village at turn of century
Funderburgs painting of downtown Yellow Springs businesses
is one of the 21 pieces on display at the Winds Cafe this month.
far from the horse wranglers call in the pasture behind his house,
local artist Lee Funderburg mixes his signature vibrantly colored oil
paints. The cornfield greens and haystack browns that once dominated his
palette have been all but abandoned for the peaches and purples that color
the Yellow Springs townscapes in his newest oil series, Yellow Springs
Suite, hanging at the Winds Cafe this month.
Staring at a blank canvas at the turn of the century, Funderburg wanted
to paint a tribute to the village where he was raised. Twenty-one paintings
for the 21st century seemed an adequate challenge.
He began by taking photos of downtown, the Street Fair, the Riding Centre,
Whitehall Farm and other familiar spots he felt were beautiful. It took
him two years, from 20012002, to transfer the life in the photos
to the village as he saw it on smooth wood panels. The resulting images
that appear, from the sunny view of Kings Yard to a winter day in the
Pine Forest, capture the serenity and idealism of a small community in
hyped-up colors and rich details, such as the red logo of Deatons
Do it Best Hardware.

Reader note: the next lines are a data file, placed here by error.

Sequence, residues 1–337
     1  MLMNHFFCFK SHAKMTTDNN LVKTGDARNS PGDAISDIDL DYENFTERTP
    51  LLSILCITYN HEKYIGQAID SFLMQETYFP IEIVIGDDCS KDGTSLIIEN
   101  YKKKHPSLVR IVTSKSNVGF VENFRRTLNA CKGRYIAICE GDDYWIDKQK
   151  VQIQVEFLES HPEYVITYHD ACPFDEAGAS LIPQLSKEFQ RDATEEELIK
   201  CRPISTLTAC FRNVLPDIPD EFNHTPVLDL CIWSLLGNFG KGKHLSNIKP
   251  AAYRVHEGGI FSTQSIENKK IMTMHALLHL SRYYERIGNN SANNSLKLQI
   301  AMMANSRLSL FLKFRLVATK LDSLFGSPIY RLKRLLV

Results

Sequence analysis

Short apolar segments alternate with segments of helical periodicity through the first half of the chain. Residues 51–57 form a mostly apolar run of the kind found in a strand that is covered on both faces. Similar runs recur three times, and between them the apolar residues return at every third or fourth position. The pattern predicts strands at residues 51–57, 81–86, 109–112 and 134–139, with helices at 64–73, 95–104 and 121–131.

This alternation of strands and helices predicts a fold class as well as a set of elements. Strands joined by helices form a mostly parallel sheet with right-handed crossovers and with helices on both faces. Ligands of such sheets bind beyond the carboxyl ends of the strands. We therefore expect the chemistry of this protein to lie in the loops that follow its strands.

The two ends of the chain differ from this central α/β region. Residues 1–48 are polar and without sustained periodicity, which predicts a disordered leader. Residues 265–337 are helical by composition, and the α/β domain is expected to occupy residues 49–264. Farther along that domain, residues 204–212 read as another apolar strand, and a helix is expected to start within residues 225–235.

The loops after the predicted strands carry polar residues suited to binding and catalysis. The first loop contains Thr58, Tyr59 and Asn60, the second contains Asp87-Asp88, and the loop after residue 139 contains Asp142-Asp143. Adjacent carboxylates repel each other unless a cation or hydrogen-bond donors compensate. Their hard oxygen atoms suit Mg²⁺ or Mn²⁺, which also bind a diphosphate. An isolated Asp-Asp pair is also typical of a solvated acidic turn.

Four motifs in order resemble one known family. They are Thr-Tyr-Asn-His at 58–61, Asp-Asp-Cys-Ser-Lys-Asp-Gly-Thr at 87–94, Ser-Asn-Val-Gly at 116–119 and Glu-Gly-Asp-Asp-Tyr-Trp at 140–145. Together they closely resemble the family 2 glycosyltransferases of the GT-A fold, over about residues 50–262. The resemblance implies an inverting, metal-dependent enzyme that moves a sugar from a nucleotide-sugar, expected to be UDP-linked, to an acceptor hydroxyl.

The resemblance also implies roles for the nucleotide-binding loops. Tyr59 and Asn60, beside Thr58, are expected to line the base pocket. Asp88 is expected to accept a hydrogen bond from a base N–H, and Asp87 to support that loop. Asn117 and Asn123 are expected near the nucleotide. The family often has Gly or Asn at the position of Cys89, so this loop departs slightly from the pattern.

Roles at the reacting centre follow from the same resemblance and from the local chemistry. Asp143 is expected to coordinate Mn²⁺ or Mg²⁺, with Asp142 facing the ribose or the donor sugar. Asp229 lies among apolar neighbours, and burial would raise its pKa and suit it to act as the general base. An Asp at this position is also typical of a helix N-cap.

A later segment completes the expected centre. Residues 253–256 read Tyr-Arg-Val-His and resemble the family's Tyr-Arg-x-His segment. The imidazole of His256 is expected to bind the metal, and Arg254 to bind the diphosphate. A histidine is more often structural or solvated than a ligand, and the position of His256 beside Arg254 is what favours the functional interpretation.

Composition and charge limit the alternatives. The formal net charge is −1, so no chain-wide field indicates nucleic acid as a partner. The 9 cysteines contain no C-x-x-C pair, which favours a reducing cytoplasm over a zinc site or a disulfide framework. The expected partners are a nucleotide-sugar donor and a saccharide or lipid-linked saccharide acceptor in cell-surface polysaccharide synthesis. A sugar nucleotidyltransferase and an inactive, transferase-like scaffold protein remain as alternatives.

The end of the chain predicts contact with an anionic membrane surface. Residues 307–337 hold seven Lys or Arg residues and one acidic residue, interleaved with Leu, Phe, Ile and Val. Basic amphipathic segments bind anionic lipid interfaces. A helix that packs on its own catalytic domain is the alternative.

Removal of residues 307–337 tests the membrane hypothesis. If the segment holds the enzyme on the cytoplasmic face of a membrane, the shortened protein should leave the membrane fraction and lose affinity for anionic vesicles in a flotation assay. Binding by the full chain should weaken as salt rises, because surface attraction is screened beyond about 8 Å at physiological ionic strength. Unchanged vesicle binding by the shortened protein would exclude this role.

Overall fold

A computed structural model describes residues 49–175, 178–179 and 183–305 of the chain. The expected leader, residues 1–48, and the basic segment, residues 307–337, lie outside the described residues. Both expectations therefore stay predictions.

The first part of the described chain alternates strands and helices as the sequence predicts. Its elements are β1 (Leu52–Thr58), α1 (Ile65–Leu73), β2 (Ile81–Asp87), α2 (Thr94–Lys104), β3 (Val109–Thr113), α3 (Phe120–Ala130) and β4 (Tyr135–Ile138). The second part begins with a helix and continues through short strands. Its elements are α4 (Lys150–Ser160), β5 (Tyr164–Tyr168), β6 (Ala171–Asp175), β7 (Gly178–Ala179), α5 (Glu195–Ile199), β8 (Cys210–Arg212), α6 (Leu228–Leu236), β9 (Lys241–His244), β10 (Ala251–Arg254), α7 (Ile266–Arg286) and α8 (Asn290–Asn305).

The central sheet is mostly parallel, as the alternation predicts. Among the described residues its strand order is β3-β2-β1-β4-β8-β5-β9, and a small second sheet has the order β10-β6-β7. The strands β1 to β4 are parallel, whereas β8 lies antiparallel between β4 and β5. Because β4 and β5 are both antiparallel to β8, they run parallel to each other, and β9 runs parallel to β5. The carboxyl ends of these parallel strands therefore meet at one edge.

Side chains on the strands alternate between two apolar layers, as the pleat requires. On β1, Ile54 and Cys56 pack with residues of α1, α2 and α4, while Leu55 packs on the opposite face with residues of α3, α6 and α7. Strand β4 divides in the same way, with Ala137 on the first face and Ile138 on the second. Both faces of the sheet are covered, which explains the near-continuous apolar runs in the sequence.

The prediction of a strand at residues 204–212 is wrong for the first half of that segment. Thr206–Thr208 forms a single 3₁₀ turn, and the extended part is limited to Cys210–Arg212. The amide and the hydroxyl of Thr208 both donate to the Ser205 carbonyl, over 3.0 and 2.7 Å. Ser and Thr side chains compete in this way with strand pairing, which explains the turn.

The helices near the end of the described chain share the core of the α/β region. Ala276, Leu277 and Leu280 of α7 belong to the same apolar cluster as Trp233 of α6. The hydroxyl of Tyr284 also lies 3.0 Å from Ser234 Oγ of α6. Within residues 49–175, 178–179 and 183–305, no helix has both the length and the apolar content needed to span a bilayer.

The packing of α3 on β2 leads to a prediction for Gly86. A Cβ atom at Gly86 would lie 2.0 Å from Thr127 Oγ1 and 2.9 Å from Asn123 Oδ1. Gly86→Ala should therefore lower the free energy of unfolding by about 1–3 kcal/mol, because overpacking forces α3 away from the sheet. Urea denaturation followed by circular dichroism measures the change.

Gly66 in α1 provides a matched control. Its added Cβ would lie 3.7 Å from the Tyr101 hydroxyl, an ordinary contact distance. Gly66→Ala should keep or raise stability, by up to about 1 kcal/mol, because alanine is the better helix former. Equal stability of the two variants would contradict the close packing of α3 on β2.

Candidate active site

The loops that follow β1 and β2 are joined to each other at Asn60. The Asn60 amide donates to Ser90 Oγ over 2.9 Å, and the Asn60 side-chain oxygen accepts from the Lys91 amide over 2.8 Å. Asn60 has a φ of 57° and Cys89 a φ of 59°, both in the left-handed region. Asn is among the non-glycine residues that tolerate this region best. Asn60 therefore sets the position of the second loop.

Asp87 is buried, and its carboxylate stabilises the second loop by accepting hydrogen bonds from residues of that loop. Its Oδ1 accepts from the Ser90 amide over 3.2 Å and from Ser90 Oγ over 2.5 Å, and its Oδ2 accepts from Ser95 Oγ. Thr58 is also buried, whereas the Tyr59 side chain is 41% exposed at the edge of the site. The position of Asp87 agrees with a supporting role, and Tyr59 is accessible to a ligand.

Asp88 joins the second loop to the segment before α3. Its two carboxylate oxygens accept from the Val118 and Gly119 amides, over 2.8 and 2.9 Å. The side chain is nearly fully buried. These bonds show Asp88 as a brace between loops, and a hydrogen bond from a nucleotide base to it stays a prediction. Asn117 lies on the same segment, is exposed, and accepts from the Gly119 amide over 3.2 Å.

Funderburg grew up on a 100-acre farm near the South Glen, always drawing
as a child. In the late 1970s, he left Yellow Springs after art school
for a turn at Tyler Graphics as a fine art printer for Kandinsky and other
Even while navigating the far-off metropolis, the first paintings Funderburg
tackled were the cornfields and grassy plains he had always painted. He
had tried a few shows of his own in New York.
New Yorkers want to buy famous peoples art, I dont think
theyre interested in paintings of Ohio by a little known Midwesterner,
But instead of changing his art to fit the market in 1998, he shifted
locations to continue doing what he wanted to do: paint landscapes of
I like abstract art, and Ive tried it, but Ive never
come up with anything thats satisfied me, he said. Its
a matter of realizing what you are and being that.
Funderburg greets the sun every morning to help his two brothers feed
and water the 30 horses they board. They grow and harvest their own hay
and corn for feed. After the mowing, wood chopping and stall cleaning,
retreating to the studio is a nice change of pace, Funderburg said.
Im probably odd that way, he said. There arent
many farmer artists.
Funderburg has had two other shows at the Winds and one in the local gallery
of the Dayton Art Institute, which included studies of agricultural landscapes
and still lifes in antique frames. His recent work allowed him to branch
out from his former niche while maintaining a fidelity to his roots.
With Yellow Springs Suite now on display, Funderburg said
he is itching to start painting again.
Maybe 100 years from now, these will eventually be the most popular
paintings Ive done, he said. Though I cant say
Ive painted my last cornfield.